MHC class I polymorphisms are known to influence outcomes in a number of infectious diseases, cancers, and inflammatory diseases. Human MHC class I H chains are encoded by the HLA-A, HLA-B, and HLA-C genes. These genes are highly polymorphic, with the HLA-B locus being the most variable. Each HLA class I protein binds to a distinct set of peptide Ags, which are presented to CD8 + T cells. HLA-disease associations have been shown in some cases to link to the peptide-binding characteristics of individual HLA class I molecules. In this study, we show that polymorphisms at the HLA-B locus profoundly influence the assembly characteristics of HLA-B molecules and the stabilities of their peptide-deficient forms. In particular, dependence on the assembly factor tapasin is highly variable, with frequent occurrence of strongly tapasin-dependent or independent allotypes. Several polymorphic HLA-B residues located near the C-terminal end of the peptide are key determinants of tapasin-independent assembly. In vitro refolded forms of tapasin-independent allotypes assemble more readily with peptides compared to tapasin-dependent allotypes that belong to the same supertype, and, during refolding, reduced aggregation of tapasin-independent allotypes is observed. Paradoxically, in HIVinfected individuals, greater tapasin-independent HLA-B assembly confers more rapid progression to death, consistent with previous findings that some HLA-B allotypes shown to be tapasin independent are associated with rapid progression to multiple AIDS outcomes. Together, these findings demonstrate significant variations in the assembly of HLA-B molecules and indicate influences of HLA-B-folding patterns upon infectious disease outcomes.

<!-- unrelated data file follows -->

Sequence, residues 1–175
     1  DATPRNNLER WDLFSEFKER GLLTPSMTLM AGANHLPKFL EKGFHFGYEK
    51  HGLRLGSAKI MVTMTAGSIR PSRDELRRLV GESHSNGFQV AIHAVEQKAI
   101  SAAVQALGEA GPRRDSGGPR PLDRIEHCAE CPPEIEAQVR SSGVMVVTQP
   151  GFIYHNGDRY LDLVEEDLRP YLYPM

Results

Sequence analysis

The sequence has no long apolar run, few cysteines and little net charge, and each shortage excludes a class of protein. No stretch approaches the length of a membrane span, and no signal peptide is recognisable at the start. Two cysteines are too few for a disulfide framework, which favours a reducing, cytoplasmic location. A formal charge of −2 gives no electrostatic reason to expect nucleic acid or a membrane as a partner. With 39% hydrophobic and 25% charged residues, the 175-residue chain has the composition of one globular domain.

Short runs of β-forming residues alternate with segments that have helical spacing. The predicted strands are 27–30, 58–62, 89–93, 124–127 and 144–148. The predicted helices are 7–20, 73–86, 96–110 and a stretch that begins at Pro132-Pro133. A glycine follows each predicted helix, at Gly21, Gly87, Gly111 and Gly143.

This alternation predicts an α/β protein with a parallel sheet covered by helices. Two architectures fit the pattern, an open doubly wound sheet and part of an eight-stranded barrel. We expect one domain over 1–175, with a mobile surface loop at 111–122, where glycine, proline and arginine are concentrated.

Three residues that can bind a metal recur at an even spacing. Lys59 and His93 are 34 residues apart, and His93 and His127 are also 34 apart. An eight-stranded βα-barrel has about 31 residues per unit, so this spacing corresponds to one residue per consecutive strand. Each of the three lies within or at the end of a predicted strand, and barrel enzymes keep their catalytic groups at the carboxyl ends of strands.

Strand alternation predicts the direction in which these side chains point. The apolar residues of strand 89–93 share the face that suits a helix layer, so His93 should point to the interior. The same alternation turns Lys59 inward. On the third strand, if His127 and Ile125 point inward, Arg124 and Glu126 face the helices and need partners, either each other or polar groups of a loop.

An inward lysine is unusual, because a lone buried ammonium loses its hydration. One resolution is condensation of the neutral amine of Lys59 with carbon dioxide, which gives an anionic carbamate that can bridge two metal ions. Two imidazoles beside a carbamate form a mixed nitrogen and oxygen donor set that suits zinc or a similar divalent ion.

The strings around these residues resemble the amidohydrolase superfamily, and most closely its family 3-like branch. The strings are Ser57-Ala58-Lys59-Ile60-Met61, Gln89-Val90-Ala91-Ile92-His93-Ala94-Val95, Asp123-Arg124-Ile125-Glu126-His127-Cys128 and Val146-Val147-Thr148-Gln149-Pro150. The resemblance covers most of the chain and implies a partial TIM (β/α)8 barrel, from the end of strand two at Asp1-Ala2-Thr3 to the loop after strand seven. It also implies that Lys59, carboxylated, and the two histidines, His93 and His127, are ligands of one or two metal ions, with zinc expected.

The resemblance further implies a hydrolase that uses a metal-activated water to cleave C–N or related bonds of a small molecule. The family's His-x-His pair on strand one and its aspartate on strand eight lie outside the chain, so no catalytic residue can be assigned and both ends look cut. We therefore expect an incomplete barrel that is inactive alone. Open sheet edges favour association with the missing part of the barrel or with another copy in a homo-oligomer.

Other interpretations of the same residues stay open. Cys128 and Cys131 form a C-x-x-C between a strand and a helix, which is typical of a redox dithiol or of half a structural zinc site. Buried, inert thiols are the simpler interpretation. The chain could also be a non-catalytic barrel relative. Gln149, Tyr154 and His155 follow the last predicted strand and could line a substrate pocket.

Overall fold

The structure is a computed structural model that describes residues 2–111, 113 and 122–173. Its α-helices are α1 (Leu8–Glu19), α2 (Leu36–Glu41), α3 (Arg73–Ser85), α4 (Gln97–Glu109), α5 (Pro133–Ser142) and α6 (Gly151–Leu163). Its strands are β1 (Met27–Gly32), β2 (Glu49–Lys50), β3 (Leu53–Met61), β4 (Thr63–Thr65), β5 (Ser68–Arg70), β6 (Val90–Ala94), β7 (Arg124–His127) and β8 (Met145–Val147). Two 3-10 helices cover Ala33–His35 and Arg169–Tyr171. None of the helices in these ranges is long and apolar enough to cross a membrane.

ASJC Scopus subject areas
- Immunology and Allergy